Dementia 2010: the economic burden of dementia and associated research funding in the United Kingdom

Authors:
LUENGO-FERNANDEZ Ramon, LEAL Jose, GRAY Alastair
Publisher:
Alzheimer's Research Trust
Publication year:
2010
Pagination:
35p.
Place of publication:
Cambridge

The Alzheimer’s Research Trust commissioned this study to calculate the costs of dementia in terms of health services, social services, unpaid carers, premature mortality and absence from work. This cost was compared with those for other medical challenges of the age: cancer, heart disease and stroke. Current levels of research funding were also compared. The number of patients with dementia in the UK in 2008 was estimate to be 821,884; 1.3% of the UK population. The overall societal cost of dementia was £23 billion including health and social care, informal care and lost productivity (£27,647 per person per year).This compares to societal costs of £12 billion for cancer, £8 billion for CHD and £5 billion for stroke. It is estimated that 37% of all dementia patients are in long term care institutions costing in excess of £9 billion per year in social care. Health care costs are put at £1.2 billion; hospital inpatient stays account for 44% of the total. The 1.5 billion hours of unpaid care was valued at £12 billion and productivity losses at £29 million.  Government and charitable spending on dementia research is 12 times lower than that on cancer: £50 million compared to £590 million. The study concludes that research spending on dementia and stroke is severely underfunded compared to cancer and CHD.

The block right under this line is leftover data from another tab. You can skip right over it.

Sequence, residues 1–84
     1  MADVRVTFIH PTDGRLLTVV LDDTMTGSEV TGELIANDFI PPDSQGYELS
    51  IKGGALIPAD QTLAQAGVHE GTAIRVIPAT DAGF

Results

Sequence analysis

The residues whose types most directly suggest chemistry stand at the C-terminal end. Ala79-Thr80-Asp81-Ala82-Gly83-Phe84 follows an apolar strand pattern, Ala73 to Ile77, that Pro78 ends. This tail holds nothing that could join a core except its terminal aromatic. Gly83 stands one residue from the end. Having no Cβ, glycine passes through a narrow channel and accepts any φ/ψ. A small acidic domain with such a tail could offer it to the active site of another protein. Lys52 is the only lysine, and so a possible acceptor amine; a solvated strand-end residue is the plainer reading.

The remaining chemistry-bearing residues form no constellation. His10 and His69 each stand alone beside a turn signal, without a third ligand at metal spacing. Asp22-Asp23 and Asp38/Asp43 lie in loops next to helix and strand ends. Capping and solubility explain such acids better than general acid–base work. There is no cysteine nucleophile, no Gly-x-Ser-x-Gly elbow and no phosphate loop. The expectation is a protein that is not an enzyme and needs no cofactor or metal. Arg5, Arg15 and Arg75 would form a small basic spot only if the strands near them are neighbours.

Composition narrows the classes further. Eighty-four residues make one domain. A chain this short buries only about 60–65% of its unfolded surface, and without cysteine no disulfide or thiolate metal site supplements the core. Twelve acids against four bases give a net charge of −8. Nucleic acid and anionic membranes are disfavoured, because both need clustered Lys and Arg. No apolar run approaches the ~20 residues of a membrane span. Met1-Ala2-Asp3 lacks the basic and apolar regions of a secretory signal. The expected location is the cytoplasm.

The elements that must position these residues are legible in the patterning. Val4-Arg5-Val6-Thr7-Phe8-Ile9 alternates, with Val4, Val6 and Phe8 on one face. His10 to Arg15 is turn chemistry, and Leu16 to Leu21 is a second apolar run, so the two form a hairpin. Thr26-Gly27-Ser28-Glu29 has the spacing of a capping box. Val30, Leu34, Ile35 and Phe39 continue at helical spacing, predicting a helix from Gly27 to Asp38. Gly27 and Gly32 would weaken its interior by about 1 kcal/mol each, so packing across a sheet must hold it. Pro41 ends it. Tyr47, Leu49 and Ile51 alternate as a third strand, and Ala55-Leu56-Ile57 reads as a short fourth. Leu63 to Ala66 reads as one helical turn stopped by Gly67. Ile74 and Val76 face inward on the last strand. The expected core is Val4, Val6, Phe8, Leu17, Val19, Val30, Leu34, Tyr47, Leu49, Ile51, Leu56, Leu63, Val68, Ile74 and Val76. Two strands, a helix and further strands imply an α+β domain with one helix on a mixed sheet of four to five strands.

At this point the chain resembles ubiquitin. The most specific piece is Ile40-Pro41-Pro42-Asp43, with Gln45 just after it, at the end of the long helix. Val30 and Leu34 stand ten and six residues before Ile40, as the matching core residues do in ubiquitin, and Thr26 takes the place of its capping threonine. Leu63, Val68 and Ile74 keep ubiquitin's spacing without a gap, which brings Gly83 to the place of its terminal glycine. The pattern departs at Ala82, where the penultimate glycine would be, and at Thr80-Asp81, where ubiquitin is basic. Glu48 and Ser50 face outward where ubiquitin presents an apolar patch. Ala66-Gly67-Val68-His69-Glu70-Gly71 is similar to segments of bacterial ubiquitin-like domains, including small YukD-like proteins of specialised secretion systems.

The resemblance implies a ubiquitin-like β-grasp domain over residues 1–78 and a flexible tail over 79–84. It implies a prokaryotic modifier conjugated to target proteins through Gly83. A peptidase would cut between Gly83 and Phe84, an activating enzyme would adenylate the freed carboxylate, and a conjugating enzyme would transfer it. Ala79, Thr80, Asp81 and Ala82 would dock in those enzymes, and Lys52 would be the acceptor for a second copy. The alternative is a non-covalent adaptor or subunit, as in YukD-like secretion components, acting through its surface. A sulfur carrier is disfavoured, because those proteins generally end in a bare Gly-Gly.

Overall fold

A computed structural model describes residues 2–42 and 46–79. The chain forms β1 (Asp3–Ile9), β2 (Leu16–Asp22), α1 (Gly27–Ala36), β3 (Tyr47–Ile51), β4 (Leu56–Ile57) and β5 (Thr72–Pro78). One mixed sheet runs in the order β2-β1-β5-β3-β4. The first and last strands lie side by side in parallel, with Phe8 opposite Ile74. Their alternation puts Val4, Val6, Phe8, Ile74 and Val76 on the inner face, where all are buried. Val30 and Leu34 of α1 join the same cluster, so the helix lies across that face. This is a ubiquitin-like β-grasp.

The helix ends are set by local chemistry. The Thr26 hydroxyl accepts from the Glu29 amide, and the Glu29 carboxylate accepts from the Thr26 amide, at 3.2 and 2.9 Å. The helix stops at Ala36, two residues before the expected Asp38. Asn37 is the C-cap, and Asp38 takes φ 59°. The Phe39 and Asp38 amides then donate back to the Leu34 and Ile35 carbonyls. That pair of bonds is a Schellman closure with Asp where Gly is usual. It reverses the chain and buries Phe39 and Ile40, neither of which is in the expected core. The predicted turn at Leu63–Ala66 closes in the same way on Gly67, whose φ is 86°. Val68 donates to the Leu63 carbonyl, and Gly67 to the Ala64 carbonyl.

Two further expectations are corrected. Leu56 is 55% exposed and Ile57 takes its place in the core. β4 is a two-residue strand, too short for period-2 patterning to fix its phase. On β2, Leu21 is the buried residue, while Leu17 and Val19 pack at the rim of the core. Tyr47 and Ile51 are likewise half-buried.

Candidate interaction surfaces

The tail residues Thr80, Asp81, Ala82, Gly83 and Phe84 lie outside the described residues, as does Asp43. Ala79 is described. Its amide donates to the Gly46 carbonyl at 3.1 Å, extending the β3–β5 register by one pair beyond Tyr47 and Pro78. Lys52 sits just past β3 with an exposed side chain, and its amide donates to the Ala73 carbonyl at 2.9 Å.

Subject terms:
social care provision, carers, charities, care homes, costs, dementia, financing, health care, government policy;
Content type:
research
Location(s):
United Kingdom

Key to icons

  • Free resource Free resource
  • Journal article Journal article
  • Book Book
  • Digital media Digital media
  • Journal Journal

Give us your feedback

Social Care Online continues to be developed in response to user feedback.

Contact us with your comments and for any problems using the website.

Sign up/login for more

Register/login to access resource links, advanced search and email alerts